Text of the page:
Work and home are places rife with sexual danger for women

Hunting for lodging in any place is tedious. For women, there always comes the attached risk of being molested in any accommodation they manage to obtain. Studies say the phenomenon is appallingly common. This data points to the fact that, for women, sexual harassment abounds in realms that are tied to their home and the place they go to earn their bread, even before the quality of bread they can afford comes into the picture. These are realms where they may be raped, mutilated or even killed. In a new land where they have almost no connections, these realities shall loom more urgent concerns.

In light of the bullets above, forceful and politicized eviction may be termed as an inhumane reality. However, the life of women post-eviction may be gauged to be significantly worse than men. What struck me while carrying out research for this article was that, the points listed here are what hold women back in their homelands as well, prior to banishment—can the conclusion then be that the world will treat you unfairly, no matter where you are, if you are a woman?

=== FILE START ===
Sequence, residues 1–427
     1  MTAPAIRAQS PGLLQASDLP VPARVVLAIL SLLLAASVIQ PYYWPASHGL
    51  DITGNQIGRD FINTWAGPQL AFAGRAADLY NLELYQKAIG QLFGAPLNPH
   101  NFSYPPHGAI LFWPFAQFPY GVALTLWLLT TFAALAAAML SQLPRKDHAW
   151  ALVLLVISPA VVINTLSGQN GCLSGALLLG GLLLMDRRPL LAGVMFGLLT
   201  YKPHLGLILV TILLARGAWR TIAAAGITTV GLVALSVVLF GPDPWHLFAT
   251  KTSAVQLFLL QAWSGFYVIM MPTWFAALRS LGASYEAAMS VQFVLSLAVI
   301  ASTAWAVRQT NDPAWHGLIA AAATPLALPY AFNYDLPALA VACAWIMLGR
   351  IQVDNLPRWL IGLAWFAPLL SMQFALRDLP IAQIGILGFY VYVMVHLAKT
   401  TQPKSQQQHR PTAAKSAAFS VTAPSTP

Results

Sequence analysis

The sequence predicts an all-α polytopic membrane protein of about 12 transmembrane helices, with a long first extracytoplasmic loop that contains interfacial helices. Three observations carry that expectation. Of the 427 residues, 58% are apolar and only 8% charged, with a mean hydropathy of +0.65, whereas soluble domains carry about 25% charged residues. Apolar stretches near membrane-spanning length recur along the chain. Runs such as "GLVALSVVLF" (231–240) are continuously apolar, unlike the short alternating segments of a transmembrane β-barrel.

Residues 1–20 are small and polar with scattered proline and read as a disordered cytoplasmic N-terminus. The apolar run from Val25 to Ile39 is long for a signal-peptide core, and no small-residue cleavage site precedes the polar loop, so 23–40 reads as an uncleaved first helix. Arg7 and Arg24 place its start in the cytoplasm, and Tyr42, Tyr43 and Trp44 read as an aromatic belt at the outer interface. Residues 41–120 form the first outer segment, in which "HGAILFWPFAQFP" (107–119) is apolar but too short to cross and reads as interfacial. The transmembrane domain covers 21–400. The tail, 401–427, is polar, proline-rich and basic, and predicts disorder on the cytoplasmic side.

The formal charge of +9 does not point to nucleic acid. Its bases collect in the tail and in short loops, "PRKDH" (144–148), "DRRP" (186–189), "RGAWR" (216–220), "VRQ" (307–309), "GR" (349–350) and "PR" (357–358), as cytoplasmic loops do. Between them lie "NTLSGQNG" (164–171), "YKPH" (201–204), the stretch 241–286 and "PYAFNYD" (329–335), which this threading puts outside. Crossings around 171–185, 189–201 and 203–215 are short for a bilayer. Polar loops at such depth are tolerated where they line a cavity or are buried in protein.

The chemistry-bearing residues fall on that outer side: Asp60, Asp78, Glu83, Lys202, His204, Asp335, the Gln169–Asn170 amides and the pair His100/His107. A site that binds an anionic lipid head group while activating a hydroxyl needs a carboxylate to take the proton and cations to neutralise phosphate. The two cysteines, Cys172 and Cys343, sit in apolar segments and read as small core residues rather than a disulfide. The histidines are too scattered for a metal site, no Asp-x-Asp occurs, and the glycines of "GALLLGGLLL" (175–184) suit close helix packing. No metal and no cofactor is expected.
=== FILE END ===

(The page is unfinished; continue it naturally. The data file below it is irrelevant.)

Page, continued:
The answer to that question used to be ‘yes’ in the past. With the same breath that we condemn misogyny, however, we must also call out forceful geographical expelling for the evil that is, an evil pernicious enough to rip families, institutions and people, scarring them for life. Respect for consent is a must, be it territory and property of any sort. This is my appeal to you to bring out your candles in protest of human polarization and objectification.

Also read: How Inclusive Is The Citizenship (Amendment) Bill 2016 Of Women And Other Minorities?

Featured Image Source: The Hindu

Related Posts

Skip to content